Beauty Store Business

MAR 2015

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Page 47 of 79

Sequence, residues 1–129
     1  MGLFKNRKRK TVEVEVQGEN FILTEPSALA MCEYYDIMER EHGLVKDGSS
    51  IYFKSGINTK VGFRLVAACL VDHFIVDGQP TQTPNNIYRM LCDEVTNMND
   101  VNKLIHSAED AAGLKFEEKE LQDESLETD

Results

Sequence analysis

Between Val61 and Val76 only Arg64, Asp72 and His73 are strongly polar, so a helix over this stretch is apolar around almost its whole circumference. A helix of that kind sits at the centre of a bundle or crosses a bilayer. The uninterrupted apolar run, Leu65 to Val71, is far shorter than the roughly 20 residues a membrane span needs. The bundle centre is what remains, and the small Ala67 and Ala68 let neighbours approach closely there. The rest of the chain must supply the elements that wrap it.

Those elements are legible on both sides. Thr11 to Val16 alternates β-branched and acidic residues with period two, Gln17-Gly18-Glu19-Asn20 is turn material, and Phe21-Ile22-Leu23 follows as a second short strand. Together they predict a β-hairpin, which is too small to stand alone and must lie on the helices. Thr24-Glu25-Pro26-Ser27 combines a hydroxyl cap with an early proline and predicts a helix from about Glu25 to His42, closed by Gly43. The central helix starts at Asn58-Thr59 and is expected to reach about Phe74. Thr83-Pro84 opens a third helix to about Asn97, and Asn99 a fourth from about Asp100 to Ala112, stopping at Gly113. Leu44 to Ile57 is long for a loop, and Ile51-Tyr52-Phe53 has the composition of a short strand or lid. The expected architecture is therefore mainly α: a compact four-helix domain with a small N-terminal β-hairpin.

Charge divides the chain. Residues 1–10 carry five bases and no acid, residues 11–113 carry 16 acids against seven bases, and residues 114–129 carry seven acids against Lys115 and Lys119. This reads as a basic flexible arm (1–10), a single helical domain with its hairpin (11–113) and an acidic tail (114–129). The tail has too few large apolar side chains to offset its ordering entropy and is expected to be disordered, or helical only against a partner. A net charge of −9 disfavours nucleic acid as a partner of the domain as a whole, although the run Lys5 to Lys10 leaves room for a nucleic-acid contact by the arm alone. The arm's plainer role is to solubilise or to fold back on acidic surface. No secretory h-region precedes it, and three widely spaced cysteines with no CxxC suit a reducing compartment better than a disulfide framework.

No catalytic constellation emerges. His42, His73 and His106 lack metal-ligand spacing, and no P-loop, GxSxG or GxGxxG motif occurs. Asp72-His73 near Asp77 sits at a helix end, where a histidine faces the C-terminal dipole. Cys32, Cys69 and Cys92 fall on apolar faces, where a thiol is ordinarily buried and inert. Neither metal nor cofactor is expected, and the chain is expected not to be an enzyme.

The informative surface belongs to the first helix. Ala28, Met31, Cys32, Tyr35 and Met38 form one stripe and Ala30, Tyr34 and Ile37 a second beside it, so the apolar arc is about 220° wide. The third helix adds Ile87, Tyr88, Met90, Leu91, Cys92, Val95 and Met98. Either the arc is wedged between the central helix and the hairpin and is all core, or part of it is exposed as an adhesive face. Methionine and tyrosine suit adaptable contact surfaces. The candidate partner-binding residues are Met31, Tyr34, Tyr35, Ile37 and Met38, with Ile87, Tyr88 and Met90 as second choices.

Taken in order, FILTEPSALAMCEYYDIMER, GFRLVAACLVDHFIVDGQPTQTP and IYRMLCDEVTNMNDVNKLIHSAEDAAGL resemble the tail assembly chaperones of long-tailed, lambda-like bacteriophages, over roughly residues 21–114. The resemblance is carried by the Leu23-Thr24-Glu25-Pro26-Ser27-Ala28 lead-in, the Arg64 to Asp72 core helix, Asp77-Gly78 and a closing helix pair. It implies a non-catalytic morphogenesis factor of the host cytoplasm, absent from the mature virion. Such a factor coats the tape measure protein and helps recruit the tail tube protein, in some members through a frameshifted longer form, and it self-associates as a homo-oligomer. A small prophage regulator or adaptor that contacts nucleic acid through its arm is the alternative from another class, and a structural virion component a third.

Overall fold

46 March 2015 | Beauty & The Law Finally, either party can appeal to a higher court if it can point to an error at trial. Several recent lawsuits illustrate the factors that potential plaintiffs should weigh before starting a case. HATCHING A PLAN TO SUE In 2012, Restorsea brought out a new antiaging product line. The unlikely active ingredient in its products is a salmon- hatching fluid that Restorsea says enables newly hatched fish to emerge from salmon eggs without injury. The fluid exfoliates dead cells without affecting living cells and makes skin look young, according to Restorsea. Restorsea had entered into an agreement with a Norwegian company, Aqua Bio Technology ASA, to supply the hatching fluid to it and only one other company, Amway. Restorsea claimed ABT sold the hatching fluid to its competitors and so it sued in February 2014. Restorsea asked the New York federal court to issue an injunction prohibiting ABT from selling certain types of hatching fluid to anyone other than Restorsea and Amway. Restor- sea also asked the court for at least $5.9 million, which is the amount Restorsea paid for ABT's promise not to sell hatching fluid to anyone else. Just five months later the case was over when Restorsea dismissed its claims and agreed not to file them again. ABT hadn't even answered the complaint. What could have prompted Restorsea to settle so quickly? Two pub- lic documents offer clues into that ques- tion. The parties had a conference with the judge in May 2014, and Restorsea's lawyer told the judge that Restorsea had to make a quarterly payment to ABT of $800,000 at the end of June. Restorsea said that it thought ABT already owed it $6 million, but ABT only had $4 or $4.5 million in cash. Restorsea's lawyer said, "And what our concern would be is that we could win the battle here and lose the war, [because] we could get a nice big monetary judgment at the end of the day … and yet the defendant may not be good for it." The judge pointed out that the parties wanted to continue doing business together and stated: "I think that this litigation strategy may not be the best way of resolving it in this particular case." The second source of clues into why this case may have settled so quickly is ABT's financial presentation, available on its website. ABT reported that its operating costs in the first half of 2014 were "significantly affected by Restorsea dispute." Its costs were up over $250,000 more than the same period in 2013; although that wasn't necessarily all due to litigation expenses. ABT announced that it had entered into a new agreement with Restorsea on the same financial terms but covering more products. This case illustrates how important it is to make sure that the defendant can actu- ally pay any damages that may be awarded by a court. Also, if your long-term objective is to ensure a supply of product from a critical vendor, it's not a good idea to put the vendor out of business. NOT THE RIGHT STUFF Beauty Manufacturing Solutions Corp. made a crème-to-powder product for Mary Kay. Consumer complaints prompted an investigation that revealed that the product was made with an incorrect ingredient. When Beauty Manufacturing learned that its supplier, Ashland, had been sending it the wrong ingredient for a year and a half, it sued Ashland. Beauty Manufacturing won a $231,016.43 judgment after a three-day non-jury trial. The damages included money that Beauty Manufacturing had credited Mary Kay, Beauty Manufacturing's costs for destroying defective crème-to-powder products and the value of two drums of raw materials it returned to Ashland. On the surface, it looks as if Beauty Manufacturing was made whole by the court's award of damages, but its legal fees were $422,096.00. Luckily for Beauty Man- ufacturing, it had sued in Texas, where there is a law allowing recovery of attorneys' fees for contract claims. The court awarded Beauty Manufacturing $325,069.71, still leaving it almost $100,000 out of pocket if it paid the full amount of its attorneys' fees. WHAT'S IN A NAME? Princess Marcella Borghese sold the right to her name, family crest and family history to Revlon in 1976, and Borghese Inc. now owns those rights. In 1993, the princess and her sons, Livio and Silver & zinc alloy and rhinestones. Rhodium-plated. Lead- and cadmium-compliant. Small Scissor Necklace Small Scissor Wire Earring Large Scissor Necklace I DO HAIR Pin Adjustable Scissor Ring Small Scissor Post Earring STYLIST Pin Scissor/Blow Dryer Necklace * FREE DISPLAY with pre pack purchase (8 different items • 24 count display) *Call for distributor pricing and details 800.634.8500 or email $ 12 00 Each Item Salon Cost ONLY

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